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You don't get a free pass on web performance just because you built an app

Last week, I shared Tim Kadlec’s awesome analysis of the impact of JavaScript frameworks on performance.

In it, Tim clearly shows with data from the HTTP Archive that sites that use frameworks generally include a lot more JavaScript than sites that don’t, and are also slower on key web performance metrics.

He concludes with some simple, reasonable things to consider when building for the web:

  • Do a sanity check: do you really need to use it? Vanilla JavaScript can do a lot today.
  • Is there a lighter alternative (Preact, Svelte, etc.) that gets you 90% of the way there?
  • If you’re going with a framework, does anything exist that provides better, more opinionated defaults (ex: Nuxt.js instead of Vue.js, Next.js instead of React, etc.)?

There was a lot of praise for Tim’s article. But unsurprisingly, there was some pushback from the “we build apps, not websites” crowd.

Apps aren’t held to a different standard

The main point of contention:

Apps are different. Performance is still important, but web performance metrics need to be different/slower/worse for web apps than a “static website.”

I get it.

Making complex web apps performant is hard. Making them as performant as a static website is even harder (some might say impossible, but like most things, it depends).

But a user’s frustration and annoyance and tendency to just leave and never come back doesn’t suddenly lessen because you’ve built an “app” and not a “website.”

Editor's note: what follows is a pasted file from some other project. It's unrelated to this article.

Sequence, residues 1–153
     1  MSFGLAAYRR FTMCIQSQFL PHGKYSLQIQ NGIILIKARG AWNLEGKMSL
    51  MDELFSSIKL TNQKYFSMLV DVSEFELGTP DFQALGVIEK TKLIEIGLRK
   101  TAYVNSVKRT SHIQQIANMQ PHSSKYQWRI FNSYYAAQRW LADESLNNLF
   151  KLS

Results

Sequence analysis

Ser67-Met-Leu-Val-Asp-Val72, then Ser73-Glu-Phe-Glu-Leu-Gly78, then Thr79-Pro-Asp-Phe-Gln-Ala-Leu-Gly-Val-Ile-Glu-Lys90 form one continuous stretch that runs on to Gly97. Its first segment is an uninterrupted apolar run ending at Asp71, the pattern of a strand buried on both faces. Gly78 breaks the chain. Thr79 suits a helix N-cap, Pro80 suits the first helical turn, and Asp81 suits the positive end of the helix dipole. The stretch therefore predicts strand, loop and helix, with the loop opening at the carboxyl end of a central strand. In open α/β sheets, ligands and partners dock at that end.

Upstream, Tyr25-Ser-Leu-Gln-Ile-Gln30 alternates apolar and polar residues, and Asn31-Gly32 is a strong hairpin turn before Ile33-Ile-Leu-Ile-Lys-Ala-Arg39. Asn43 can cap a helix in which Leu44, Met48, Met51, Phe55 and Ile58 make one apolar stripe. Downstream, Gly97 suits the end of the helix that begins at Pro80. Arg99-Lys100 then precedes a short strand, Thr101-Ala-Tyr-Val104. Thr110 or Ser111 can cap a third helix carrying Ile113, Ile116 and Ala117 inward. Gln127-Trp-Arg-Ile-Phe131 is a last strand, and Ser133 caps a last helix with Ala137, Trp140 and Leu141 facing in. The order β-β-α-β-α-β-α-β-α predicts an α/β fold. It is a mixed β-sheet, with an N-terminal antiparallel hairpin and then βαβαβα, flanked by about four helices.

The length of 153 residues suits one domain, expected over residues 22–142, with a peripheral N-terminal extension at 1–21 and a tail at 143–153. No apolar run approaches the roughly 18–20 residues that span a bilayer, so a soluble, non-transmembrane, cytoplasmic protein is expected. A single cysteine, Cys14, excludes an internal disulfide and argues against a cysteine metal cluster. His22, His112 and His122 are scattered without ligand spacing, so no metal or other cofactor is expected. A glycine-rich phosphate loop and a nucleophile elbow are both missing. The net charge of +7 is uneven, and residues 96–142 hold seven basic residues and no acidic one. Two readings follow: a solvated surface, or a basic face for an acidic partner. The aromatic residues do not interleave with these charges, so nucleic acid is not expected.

Your convenience as a developer isn’t more important than your users’ ability to access your app on low bandwidth internet connections and older, underpowered devices.

Time to interactive > fully loaded

Your app should be interactive in three seconds or less on a broadband connection, and five seconds or less on 3g.

That doesn’t mean it has to be fully featured.

It just means that people need to be able to start moving around and interacting with content. Perceived performance is more important than “this thing is fully loaded.”

It’s a bit like being stuck in bumper-to-bumper traffic versus moving slowly on side roads. Even if it takes you longer to get there with side roads, it’s less frustrating to be moving than at a total stop.

How can you make web apps faster?

There are a lot of different approaches you can take, depending on your app and what it’s supposed to do.

  • You could load the never-changing stuff like your logo and navigation menu immediately, and asynchronously pull in dynamic or API-driven content once it arrives (for example, dashboard content).
  • You cache API data in localStorage to minimize API calls (and the latency they introduce).
  • You can push your API data out through a CDN network so that responses take less time (because they originate from closer to where the visitor is).
  • You create a progressive web app that loads some content from a cache, even if the user is offline. You could, for example, load data from their last visit on initial load, and refresh it with fresh data as soon as an API call returns the new stuff.
  • You can follow Tim’s recommendations, and use vanilla JS instead of frameworks, or lighter weight alternatives like Reef or Preact.
  • You can use a CSS strategy that results in smaller stylesheets.
  • You can inline your CSS and JavaScript (if your files are small enough) to reduce the number of HTTP requests required to start rendering the app.
  • You can break your JavaScript up into more modular chunks and only load what’s needed on any given page.

I’m not saying its always easy. But that’s not the point. Building a complex web app isn’t easy either.

I’m saying it’s your job as a web professional to build fast, accessible things that work for as many people as possible.

Just because you built “an app” doesn’t mean you get a free pass on web performance.